California Votes to Limit Juvenile Prison Sentences

by CarlosSantiago on August 29, 2012

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(US criminal law) In a unanimous vote, the California Supreme Court has ruled that the state must limit prison sentences for juveniles convicted of non-homicide crimes, a declaration that directly reflects pre-existing U.S. criminal law. Their decision was based on facts presented by Graham v. Florida, a 2010 United States Supreme Court case in which the decision was made that juveniles convicted of non-homicide offenses could not be sentenced to life without parole because such an action would violate the 8th Amendment.

The issue came to light in People v. Caballero, a case involving 16-year-old Roderigo Caballero, a young man who opened fire on 3 boys from a rival gang and was sentenced to a total of 110 years in jail. The California Supreme Court voted that sentencing a juvenile to 110 years-to-life was essentially the same as sentencing them to life in prison and could be considered “cruel and unusual punishment.”

Graham v. Florida

The decision cited in the Caballero case pertained to Terrance Graham, a 16-year-old male who committed armed burglary and attempted armed robbery in addition to violating probationary measures.  The young man was given a life sentence without the possibility of parole, but a higher court argued that non-homicide crimes were morally different than homicide crimes and juveniles should not face such extreme penalties for non-homicide crimes.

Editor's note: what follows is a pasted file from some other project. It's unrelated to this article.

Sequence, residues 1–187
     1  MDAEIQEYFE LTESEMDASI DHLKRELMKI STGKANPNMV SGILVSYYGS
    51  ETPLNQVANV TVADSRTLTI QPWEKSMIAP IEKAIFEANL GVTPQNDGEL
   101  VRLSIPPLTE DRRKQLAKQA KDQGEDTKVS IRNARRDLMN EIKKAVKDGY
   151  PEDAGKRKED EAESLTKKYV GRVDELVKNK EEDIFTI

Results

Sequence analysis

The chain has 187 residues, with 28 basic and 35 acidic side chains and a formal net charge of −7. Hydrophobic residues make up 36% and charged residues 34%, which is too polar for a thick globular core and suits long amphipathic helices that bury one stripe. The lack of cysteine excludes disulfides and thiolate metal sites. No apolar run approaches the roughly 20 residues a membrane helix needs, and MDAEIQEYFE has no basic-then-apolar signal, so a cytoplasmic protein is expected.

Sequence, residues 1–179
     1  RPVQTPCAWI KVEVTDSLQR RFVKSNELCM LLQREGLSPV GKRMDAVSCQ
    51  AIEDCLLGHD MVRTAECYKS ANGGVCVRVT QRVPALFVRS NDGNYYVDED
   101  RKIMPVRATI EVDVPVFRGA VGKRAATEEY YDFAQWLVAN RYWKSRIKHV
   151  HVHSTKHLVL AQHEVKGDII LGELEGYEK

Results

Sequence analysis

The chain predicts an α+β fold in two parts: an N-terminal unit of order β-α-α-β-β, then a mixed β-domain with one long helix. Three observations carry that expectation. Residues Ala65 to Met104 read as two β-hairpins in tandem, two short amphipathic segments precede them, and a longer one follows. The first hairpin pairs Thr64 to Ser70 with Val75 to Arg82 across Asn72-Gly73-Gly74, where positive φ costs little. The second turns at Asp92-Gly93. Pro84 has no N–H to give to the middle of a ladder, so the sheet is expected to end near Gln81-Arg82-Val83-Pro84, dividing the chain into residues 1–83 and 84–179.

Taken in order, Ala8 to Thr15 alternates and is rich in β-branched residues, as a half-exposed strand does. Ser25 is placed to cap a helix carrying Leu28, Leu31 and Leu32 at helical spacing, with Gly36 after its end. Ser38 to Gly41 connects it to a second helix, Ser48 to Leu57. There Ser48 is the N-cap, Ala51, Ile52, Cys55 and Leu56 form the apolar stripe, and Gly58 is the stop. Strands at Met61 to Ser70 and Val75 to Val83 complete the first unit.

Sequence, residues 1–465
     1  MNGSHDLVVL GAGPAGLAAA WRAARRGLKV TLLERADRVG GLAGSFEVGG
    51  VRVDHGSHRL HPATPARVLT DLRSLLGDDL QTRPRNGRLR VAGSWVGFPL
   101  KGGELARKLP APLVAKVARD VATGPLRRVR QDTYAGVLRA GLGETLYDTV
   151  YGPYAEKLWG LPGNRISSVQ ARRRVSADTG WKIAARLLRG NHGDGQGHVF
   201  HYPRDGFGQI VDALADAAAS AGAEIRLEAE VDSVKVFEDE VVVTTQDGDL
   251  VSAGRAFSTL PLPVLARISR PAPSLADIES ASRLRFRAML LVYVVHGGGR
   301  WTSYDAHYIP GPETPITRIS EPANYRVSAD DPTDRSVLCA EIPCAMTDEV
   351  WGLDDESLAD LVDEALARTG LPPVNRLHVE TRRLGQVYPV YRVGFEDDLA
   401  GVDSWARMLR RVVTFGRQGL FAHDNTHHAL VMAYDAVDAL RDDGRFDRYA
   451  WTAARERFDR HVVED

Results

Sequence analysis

The Eighth Amendment

The Eighth Amendment was added to the United States Constitution in 1791 and states that courts must respect fair trials by penalizing those convicted with fair consequences. Specifically, this amendment is to ensure that convicted individuals are not subjected to “cruel and unusual punishments,” which includes punishments that are too severe for the crime in question. This is the basis of the United States Supreme Court’s decision in Graham v. Florida and the reason cited in the California Supreme Court’s decision to extend this consideration to their own court system.

Future Repercussions

The California Supreme Court made it clear that their decision on People vs. Caballero should be retroactively extended to juveniles who were given life-long sentences in previous cases. In the future, it could also seriously affect the way that California courts assess the appropriate penalties for non-homicide juvenile crimes.  In future cases, a criminal lawyer may be able to use this precedent as part of their defense in order to ensure that juveniles are not saddled with unfair and lengthy imprisonment or other penalties.

About the Author:
Carlos Santiago is an avid legal blogger. He contributes regularly to

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